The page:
I heard about a cave system near Austin that had hiking trails, so I just had to check it out. There are actually two parks where trails can be connected for a further distance, the main one being the Discovery Well Cave Preserve. Next to it is the Buttercup Creek Cave Preserve. Both are worth checking out.
Check out my video below to see what it looks like in some of the caves!
About Discovery Well Cave Preserve
Located just west of Cedar Park and NW of Austin sits a huge cave system right in the middle of a subdivision. This 108-acre preserve was acquired in 2002 when TxDOT needed to expand HWY 183 for the toll road. In order to expand the highway, they had to destroy Jug Cave (an endangered species cave due to a rare cave beetle called Rhadine Persephone) and were required to locate another cave system with this rare beetle to make it into a preserve. The stipulation was that it had to be at least a 100-acre site and have at least three caves. The area that the Discover Well Cave Preserve sits on, is the only site that came close to these requirements.
In 2008 the management of the Discovery Well Cave Preserve was transferred to the City of Cedar Park.
When you first pull up you will notice the only parking is within the cul-de-sac and only 2 (maybe 3) cars can fit. Once we got our packs and water out, we headed towards the only trail I could see.
There are 3.7 miles of hiking trails within Discovery Well Cave Preserve with a total of three different trails. The main trail is marked by a blue blaze and makes a loop back to the entrance.
We did not do the red or green trails which just criss-cross over and intersect with the blue trail.
Finding the Entrance
I assumed the trail we came to, was part of the trail system in the preserve. It was not, but did lead us the long way to the gated entrance which is located to the left of the playground (if you are looking towards the playground from the street).
The Blue Trail
We decided to take the blue trail which is the main trail and loop. Every so often you will find blue markers reminding you that you are still on the blue trail.
Along the blue trail, you will find many cave entrances that are covered with gates and informational plaques. The gates were put in place to keep humans out but allow water and critters free access.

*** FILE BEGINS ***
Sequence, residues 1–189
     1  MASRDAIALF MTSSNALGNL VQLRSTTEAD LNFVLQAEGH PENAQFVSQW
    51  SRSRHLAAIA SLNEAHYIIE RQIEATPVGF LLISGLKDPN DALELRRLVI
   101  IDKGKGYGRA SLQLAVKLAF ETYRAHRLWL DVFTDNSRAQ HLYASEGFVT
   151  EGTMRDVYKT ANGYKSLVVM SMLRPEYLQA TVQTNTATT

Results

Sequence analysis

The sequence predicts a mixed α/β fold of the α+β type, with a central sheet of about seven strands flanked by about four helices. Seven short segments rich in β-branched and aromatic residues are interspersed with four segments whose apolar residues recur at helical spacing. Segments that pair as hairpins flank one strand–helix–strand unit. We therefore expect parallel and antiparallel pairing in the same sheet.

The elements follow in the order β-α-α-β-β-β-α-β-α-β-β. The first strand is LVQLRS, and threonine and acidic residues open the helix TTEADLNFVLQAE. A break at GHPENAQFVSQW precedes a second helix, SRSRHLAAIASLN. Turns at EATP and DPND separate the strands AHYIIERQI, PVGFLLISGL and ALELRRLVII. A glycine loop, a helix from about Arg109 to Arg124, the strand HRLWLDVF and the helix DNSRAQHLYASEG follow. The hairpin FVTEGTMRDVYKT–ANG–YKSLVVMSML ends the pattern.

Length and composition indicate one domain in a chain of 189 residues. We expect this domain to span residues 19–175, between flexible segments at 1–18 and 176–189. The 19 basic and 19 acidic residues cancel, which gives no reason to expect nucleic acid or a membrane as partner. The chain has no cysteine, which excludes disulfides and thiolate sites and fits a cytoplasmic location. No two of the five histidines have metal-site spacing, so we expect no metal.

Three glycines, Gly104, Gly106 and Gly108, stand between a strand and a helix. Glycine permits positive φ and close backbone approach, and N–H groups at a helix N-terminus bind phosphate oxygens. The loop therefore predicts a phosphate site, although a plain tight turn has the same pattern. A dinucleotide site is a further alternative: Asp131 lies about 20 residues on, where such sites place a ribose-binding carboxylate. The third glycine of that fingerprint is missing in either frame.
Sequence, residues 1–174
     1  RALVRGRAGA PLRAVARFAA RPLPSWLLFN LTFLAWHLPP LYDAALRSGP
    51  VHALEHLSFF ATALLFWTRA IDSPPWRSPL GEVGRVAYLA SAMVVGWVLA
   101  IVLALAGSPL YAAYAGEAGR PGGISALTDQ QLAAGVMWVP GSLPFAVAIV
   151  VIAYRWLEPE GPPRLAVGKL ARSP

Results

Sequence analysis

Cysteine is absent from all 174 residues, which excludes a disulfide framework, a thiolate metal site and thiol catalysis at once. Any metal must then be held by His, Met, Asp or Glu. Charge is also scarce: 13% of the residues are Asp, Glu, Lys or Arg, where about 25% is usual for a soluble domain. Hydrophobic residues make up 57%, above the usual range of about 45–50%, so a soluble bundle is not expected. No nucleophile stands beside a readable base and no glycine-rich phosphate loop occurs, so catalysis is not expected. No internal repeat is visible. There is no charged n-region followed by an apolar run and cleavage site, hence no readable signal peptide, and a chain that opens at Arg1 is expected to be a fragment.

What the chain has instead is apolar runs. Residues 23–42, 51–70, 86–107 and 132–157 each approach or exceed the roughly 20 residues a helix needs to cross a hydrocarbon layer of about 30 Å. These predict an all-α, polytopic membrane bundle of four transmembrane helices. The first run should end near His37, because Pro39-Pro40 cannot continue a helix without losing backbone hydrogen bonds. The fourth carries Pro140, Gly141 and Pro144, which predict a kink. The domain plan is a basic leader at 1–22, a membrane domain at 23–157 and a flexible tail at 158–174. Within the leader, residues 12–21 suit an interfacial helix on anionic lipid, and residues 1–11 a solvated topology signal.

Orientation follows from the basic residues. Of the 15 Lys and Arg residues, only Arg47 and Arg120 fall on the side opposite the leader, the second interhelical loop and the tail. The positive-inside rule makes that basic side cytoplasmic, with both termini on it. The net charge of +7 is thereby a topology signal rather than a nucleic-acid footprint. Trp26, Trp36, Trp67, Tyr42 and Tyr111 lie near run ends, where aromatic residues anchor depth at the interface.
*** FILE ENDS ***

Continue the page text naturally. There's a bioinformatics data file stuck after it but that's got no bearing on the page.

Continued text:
After entering the gate, we just kept left (there was no sign or marking saying which way to go). For the most part, the trails are not marked well and even the areas that are marked, it is pretty confusing.
If you do not have a good sense of direction, you may way to take a compass or GPS device (which should be part of the 10 Essentials you always take with you anyway). I don’t feel like there would be any way you could possibly get lost out here (just due to the fact that it is in a subdivision and surrounded by streets) but I have seen stranger things happen.
This trail was roughly 2.5 miles long and was flat and easy. It doesn’t appear to be well maintained and is very narrow at points, so I’d leave strollers at home.
Finding the Caves
I was excited to see our first cave, right on the trail, called Under Three Oaks Cave. Like all the other cave entrances, it is covered with a gate to stop humans from trying to explore, getting stuck, and requiring a rescue. This one has a small opening to allow smaller mammals through.
Oddly enough, we apparently passed by several others (not directly on the trail) but had no idea since at the time we did not have a map of the caves locations (which I later found):
Don’t expect a lot of cool scenery, the feature of this preserve is definitely the caves. You walk your way through mostly open prairie-type land with shaded areas within trees every now and then.
Shortly after passing the first cave, we came upon an informational plaque that stated that this location would be where the future Discovery Well Cave Preserve nature center and bathrooms would be located. You can see this in the video below.
Watch My Video
Directions & Information
Ranch at Cypress Creek Park
2003 Rachel Ridge
Cedar Park, TX 78613
Cedar Park Cave Location Map
HOURS: Daylight Hours Only
PARKING: Limited parking in the cul-de-sac (maybe 2 or 3 cars)
Other Info & Tips
Dog Friendly: pets are welcome at Discovery Well Cave Preserve but must be kept on a leash and you must pick up after them and dispose of the poop properly in trash cans located outside of the preserve.
Venture Off Trail: Most of the time you will hear me talk about Leave No Trace and staying on trail. However, at this park, it is encouraged to venture off-trail to find and learn about the other caves located within the park.
Parking is Limited: Parking is VERY limited at this point and the only parking available is within the very small cul-de-sac or along the streets (assuming you can find parking there).